Emedia Creative (http://www.emediacreative.com.au/) styled and photographed tempting products to serve as hero images

But whether you can include images of real food in your brochure or not, you can ceratinly take a few tips from typical foodie images. Here are a few ways to do it:

  • Use extreme close-up shots of your products
  • Use bright, 'tasty' colours
  • Use shallow, romantic camera angles
  • Use props to give life to your products
  • Use natural light
  • Use background textures and colours that complement your products

03. Breaking it down

Depending on the type of brochure you are designing, you might find it beneficial to show one 'hero product' in greater detail, drawing out its strengths and alerting readers to its individual features. Visually, this can create a welcome break from full-page photography and blocks of text, and allow you to use white space and typography to full advantage.

Chloe Galea's brochure design for the Jack Wills Autumn 13 Catalogue is simultaneously informative and characterful

Be careful not to include too many features, but focus on the most interesting or unique, and talk to your brochure printing specialist about other innovative ways to approach these sections - using fold-out, tear-off or transparent details here could bring a plain design to life.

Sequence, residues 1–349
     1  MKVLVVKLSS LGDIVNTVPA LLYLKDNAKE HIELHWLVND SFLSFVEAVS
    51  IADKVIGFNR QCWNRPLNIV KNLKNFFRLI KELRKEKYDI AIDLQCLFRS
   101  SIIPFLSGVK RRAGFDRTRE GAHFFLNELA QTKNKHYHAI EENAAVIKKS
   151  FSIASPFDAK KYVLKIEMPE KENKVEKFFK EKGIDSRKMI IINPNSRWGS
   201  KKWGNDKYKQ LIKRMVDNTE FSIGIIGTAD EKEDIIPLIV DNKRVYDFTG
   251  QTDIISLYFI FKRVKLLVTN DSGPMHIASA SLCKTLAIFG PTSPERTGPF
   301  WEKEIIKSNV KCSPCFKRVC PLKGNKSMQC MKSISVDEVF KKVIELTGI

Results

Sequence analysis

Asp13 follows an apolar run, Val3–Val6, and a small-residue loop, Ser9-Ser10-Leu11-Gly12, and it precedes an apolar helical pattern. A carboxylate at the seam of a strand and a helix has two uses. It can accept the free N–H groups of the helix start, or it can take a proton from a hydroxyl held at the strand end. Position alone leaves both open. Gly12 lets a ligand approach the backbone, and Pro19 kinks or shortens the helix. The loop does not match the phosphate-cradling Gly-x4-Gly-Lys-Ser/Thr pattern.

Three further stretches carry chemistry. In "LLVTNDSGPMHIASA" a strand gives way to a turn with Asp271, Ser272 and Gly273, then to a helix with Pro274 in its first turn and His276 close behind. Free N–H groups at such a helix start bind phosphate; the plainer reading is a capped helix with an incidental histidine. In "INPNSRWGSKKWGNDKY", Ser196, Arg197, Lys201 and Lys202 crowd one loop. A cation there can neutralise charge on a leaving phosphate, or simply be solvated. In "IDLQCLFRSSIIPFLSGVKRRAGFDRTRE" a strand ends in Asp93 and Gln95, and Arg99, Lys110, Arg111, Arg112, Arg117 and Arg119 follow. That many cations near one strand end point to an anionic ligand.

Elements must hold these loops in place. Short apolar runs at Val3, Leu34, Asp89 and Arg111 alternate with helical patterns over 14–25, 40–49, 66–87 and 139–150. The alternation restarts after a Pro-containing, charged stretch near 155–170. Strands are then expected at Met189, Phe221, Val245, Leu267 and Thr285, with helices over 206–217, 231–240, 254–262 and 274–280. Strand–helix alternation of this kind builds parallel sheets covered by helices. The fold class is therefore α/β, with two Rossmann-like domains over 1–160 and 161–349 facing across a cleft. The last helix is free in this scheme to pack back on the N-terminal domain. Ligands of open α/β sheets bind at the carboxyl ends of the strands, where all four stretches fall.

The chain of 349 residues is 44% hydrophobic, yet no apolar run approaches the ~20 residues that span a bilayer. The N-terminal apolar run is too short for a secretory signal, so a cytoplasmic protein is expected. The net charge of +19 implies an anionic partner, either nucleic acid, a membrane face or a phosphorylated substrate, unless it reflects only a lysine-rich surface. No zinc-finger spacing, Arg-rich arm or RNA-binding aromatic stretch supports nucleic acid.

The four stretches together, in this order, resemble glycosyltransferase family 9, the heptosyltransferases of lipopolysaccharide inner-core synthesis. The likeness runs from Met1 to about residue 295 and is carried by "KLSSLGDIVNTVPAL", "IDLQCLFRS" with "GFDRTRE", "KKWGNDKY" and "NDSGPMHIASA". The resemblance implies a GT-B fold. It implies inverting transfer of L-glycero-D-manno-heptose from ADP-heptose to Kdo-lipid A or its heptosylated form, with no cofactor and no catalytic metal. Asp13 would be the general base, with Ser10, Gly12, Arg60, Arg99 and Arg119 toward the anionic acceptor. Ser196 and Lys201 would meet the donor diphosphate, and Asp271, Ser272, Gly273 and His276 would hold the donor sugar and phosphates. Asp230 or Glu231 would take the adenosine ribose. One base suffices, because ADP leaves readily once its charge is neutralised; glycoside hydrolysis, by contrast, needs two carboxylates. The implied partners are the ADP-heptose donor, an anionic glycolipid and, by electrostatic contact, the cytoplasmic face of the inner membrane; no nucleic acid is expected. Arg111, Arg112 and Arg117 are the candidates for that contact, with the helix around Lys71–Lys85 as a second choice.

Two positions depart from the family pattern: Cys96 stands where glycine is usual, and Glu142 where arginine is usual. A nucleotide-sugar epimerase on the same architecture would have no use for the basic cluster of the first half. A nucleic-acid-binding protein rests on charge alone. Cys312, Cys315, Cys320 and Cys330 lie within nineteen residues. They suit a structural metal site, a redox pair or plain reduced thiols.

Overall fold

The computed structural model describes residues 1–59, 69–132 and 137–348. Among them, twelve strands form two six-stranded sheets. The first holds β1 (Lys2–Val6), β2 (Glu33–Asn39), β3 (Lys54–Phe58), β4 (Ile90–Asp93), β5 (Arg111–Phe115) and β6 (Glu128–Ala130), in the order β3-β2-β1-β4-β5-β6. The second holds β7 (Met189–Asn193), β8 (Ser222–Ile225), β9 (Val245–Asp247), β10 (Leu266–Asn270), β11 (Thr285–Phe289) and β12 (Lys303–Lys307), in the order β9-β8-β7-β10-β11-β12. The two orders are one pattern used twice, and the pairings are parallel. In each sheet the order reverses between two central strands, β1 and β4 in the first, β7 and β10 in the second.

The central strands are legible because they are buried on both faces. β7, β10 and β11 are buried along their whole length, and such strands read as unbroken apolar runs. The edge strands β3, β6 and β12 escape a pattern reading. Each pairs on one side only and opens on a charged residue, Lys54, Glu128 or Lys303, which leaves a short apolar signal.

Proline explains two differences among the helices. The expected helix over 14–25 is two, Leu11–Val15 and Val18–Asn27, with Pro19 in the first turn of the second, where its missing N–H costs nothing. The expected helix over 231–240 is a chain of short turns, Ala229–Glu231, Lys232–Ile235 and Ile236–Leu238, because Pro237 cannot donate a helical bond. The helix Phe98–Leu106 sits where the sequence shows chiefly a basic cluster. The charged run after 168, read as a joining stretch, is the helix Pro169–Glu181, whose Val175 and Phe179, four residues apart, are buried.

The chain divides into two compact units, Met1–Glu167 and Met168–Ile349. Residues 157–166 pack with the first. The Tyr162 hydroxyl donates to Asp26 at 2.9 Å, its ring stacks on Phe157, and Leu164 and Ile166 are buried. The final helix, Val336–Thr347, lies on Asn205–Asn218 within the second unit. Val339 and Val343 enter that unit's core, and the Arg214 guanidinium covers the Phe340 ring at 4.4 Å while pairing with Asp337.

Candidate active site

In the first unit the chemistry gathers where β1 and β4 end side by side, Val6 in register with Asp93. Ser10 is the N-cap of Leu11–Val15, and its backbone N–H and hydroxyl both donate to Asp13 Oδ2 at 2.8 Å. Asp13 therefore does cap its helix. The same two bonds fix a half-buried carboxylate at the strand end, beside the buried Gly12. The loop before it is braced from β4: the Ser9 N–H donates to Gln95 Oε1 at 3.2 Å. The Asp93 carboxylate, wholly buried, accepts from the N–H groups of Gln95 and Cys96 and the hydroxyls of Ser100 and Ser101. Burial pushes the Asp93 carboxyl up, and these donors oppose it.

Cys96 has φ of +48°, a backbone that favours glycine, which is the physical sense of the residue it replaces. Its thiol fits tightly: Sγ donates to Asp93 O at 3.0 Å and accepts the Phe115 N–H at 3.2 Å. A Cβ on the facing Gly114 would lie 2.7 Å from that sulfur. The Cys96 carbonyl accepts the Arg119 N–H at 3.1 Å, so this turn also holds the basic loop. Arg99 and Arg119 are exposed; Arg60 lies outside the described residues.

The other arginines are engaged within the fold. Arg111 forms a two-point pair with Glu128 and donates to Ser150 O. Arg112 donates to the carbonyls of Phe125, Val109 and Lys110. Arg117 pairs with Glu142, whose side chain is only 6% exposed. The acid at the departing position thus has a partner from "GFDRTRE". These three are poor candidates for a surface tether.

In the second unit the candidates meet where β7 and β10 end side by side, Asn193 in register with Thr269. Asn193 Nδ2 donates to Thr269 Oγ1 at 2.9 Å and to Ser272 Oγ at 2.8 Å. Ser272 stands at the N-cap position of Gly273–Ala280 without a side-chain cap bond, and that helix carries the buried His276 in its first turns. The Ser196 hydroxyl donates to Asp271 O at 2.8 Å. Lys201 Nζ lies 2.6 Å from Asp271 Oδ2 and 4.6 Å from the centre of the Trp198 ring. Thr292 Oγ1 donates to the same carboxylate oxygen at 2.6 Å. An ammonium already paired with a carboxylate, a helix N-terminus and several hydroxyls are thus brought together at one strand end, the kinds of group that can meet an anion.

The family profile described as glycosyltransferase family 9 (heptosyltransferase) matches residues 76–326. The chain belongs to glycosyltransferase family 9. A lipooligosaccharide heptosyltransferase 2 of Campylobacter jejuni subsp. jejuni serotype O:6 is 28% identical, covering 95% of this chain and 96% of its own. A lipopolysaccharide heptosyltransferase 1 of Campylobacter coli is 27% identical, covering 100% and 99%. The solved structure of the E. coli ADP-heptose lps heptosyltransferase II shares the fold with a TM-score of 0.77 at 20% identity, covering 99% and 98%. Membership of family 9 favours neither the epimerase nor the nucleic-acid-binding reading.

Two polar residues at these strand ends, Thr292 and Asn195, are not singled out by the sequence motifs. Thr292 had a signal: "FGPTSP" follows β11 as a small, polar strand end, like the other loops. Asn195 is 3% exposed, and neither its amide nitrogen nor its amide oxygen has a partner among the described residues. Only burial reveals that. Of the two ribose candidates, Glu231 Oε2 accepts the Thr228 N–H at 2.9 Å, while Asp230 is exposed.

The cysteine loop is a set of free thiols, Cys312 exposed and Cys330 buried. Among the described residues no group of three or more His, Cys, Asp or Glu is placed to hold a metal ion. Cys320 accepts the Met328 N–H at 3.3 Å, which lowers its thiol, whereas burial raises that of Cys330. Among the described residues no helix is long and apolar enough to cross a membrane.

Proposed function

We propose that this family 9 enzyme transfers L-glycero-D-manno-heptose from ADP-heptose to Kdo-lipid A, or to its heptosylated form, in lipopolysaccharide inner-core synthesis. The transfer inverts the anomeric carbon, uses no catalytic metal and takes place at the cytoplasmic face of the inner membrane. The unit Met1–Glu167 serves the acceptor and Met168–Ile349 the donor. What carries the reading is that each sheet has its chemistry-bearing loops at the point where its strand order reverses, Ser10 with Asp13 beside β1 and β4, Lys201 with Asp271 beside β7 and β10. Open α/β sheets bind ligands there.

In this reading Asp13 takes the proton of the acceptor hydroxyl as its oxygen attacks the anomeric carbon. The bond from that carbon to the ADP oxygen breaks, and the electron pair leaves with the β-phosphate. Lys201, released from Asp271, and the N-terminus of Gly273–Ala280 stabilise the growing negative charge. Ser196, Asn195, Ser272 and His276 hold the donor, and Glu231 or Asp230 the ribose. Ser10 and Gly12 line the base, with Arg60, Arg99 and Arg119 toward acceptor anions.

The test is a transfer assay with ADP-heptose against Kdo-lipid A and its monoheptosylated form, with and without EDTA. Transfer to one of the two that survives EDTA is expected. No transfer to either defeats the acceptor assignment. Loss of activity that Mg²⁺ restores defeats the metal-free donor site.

04. Written content

Your copywriter will have considered tone of voice, style, sentence structure, use of on-brand vocabulary and so on when writing their copy, and your job as designer is to display this content to full advantage. You will have a range of content to use, from headlines and product titles to taglines, product descriptions and longer, editorial-style sections, which will need to be dealt with in different ways.

Geoff Courtman's catalogue design for furniture retailer Bay Leather Republic integrates various written copy with natural-style photography
  • Headlines, taglines and chapter titles will typically be larger, bolder and use a different typescript to the body text. Attention to typographic detail here can make or break your design, so choose wisely.